Using Unsafe for Fun and Profit
Given Rust's popularity and position as a systems programming language, you'll probably reach a point where you want to integrate a Rust module into some existing application. This guide was created to fill the current gap in knowledge when it comes to doing more in-depth FFI tasks than simply calling one or two functions from a C library.
This guide is written from the perspective of someone implementing a simple REST client. The client lets you craft custom HTTP messages and send them to some server, allowing you to inspect the response. It is composed of a Qt GUI which calls out to a Rust library for all of the business logic.
We'll be using
cmake as the host build system, deferring to
manage and compile the Rust components. The guide was originally written on a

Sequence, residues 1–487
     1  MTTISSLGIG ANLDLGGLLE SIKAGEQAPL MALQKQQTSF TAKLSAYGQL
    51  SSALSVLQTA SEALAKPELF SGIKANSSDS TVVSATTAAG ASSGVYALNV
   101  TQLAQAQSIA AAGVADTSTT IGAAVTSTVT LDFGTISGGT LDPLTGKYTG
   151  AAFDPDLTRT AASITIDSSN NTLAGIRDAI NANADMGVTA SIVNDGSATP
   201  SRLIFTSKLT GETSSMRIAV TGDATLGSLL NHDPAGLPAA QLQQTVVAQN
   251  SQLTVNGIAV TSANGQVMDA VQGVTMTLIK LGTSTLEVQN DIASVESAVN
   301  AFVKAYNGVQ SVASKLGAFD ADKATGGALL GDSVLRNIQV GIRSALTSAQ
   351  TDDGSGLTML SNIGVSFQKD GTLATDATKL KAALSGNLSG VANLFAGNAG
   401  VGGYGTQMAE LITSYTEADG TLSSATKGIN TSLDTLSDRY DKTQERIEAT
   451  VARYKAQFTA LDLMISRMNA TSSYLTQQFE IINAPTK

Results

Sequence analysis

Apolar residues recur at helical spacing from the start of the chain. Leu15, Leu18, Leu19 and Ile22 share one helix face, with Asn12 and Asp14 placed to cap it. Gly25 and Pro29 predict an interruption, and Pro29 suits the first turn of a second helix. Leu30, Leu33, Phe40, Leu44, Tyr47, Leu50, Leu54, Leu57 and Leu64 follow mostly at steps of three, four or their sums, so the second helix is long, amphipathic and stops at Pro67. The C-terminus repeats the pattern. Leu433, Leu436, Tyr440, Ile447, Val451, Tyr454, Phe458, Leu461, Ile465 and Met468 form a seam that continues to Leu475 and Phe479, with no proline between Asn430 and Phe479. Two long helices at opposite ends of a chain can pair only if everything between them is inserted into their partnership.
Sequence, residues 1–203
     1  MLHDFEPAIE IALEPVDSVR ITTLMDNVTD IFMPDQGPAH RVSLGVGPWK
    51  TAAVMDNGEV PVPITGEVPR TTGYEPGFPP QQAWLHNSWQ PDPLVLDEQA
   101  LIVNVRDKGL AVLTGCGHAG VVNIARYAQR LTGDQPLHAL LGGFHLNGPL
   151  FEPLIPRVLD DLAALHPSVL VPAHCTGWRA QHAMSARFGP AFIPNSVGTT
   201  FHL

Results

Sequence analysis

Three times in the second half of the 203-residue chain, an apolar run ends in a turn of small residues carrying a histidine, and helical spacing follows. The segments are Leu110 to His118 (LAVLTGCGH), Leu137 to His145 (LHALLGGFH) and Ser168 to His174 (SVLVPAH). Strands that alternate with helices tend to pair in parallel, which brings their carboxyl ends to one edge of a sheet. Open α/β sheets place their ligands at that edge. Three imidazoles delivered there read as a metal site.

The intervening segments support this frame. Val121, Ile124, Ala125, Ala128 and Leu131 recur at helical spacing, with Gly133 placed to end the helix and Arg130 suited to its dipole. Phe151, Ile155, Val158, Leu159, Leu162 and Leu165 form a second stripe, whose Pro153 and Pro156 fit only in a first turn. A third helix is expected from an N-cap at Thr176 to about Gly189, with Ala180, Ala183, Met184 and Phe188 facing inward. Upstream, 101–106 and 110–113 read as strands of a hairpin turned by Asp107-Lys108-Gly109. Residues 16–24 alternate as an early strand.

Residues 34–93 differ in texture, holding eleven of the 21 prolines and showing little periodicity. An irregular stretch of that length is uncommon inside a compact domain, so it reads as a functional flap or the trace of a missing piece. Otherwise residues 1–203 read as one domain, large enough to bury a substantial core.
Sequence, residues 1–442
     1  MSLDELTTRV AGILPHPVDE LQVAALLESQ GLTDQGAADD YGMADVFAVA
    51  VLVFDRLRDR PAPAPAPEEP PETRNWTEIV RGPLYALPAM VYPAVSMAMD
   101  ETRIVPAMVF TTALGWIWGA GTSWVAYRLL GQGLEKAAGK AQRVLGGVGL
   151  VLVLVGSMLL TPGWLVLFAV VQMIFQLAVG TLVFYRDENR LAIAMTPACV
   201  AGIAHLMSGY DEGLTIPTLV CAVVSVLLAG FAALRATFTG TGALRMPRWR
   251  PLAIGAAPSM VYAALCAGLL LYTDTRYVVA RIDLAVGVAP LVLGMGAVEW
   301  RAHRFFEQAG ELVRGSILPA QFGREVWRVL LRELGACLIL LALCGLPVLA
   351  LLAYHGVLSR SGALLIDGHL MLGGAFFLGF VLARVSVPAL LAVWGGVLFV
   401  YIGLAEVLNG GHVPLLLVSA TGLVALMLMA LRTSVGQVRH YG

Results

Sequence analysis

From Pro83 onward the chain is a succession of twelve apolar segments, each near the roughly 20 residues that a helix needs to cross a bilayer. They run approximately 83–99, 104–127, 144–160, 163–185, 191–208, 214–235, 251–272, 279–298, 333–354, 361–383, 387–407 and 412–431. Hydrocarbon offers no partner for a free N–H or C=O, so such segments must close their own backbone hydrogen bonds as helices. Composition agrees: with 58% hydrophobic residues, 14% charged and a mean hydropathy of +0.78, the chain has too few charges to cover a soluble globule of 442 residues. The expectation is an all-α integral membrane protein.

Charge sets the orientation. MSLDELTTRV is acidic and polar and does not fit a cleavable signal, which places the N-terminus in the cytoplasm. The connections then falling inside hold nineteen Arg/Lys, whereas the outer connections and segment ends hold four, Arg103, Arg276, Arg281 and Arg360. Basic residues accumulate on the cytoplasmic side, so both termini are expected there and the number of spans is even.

linux machine, but there is no reason why it shouldn't work on Windows or Mac,
possibly with a couple small platform-specific tweaks (filenames, etc.).
TODO: Insert final screenshot here
Useful Links and References
Here are a couple links and resources which you may find useful along the way.
- Rendered Guide
- The GitHub Repo
- Associated Docker Image
- Beginner's Guide to Linkers
- Foreign Function Interfaces for Fun & Industry
- The Rust FFI Omnibus
- "Unsafe Rust" chapter from The Book
- Calling Rust from C and Java
The end objectives of this guide are:
cargointo a wider build system
- Call Rust functions from C++ (or any other language)
- Passing strings, structs, and arrays between Rust and C++
- Robust error handling and exception safety
- Creating a C interface for a Rust library
- Multithreading and asynchronous programming (because we'll need to wait for the server's response without blocking the UI)
- Create flexible abstractions which encapsulate common patterns used when writing foreign function interfaces.
The ffi-helpers crate was written in parallel with this guide. It takes advantage of the patterns and abstractions we'll come up with and allows you to reuse them for your own application.